Knowledge or science-based economy? The employment of UK PhD graduates in research roles beyond academia

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In recent decades, governments have sought to increase the number of PhD graduates and support their transition into non-academic employment. The UK is no exception to this trend: investing significantly in doctoral funding, skills training and programme reform to facilitate progression into the non-academic labour market. To an extent, these aspirations have been fulfilled, with a growing proportion of PhD graduates forging non-academic careers. However, it is less clear if the types of roles that PhD graduates occupy fulfil the promise of a high-skilled, knowledge-based economy. This article focuses on the absorption of UK PhD graduates into research employment outside of academia and considers how entry into research roles varies by academic and demographic characteristics. To explore this question, data from two cohorts of UK domiciled PhD-holders in the ‘Destination of Leavers of Higher Education Longitudinal Survey’ are analysed (n = 4,731). Over two-thirds of PhD graduates enter non-academic employment. However, a significantly higher proportion of science graduates from the prestigious Russell Group of universities secure research employment and report greater career satisfaction. The analysis signals the existence of a science-based knowledge economy into which certain PhD holders fit, but research employment opportunities for humanities and social science PhD graduates are less evident. The implications of these differentiated trajectories for continued doctoral expansion are discussed. While the dataset is a valuable resource, its limitations illustrate the need to advance empirical and conceptual understanding of PhD employment beyond academia.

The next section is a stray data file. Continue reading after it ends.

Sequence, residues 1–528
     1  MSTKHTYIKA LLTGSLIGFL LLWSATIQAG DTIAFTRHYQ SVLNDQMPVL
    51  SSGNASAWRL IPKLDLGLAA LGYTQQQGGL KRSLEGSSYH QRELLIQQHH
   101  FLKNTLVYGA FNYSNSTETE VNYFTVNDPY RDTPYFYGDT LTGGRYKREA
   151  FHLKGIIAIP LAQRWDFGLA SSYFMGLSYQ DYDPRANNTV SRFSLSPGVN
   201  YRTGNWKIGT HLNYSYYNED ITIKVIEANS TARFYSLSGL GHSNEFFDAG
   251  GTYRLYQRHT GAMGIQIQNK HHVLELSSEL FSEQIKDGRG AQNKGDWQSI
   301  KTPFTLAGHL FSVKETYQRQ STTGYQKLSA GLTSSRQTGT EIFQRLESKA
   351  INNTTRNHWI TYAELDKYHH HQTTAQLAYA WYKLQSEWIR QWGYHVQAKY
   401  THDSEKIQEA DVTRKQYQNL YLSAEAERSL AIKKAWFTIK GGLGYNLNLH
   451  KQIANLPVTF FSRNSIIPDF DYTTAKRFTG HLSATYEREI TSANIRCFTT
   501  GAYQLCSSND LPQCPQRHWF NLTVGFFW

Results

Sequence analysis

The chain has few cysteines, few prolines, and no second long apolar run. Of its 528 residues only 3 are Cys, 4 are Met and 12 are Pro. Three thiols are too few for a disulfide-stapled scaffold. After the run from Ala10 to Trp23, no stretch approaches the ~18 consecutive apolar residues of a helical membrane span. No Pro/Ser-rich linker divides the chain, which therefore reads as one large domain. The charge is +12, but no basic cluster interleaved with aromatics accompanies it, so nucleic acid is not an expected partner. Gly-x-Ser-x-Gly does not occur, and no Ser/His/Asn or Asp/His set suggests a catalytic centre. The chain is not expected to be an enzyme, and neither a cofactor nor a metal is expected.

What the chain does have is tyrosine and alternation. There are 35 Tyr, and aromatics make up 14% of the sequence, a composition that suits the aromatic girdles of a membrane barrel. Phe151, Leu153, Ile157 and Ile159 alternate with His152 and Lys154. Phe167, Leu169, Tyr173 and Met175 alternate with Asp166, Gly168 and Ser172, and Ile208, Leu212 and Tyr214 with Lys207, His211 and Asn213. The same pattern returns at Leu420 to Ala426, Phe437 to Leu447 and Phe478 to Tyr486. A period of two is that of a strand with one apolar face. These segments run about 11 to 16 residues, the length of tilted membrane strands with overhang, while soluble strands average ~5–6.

Original languageEnglish
Number of pages15
JournalStudies in Higher Education
Early online date28 Aug 2023
Publication statusE-pub ahead of print - 28 Aug 2023

Bibliographical note

© 2023 The Author(s).


  • Doctoral education
  • knowledge economy
  • doctoral employment
  • labour market outcomes
  • research careers

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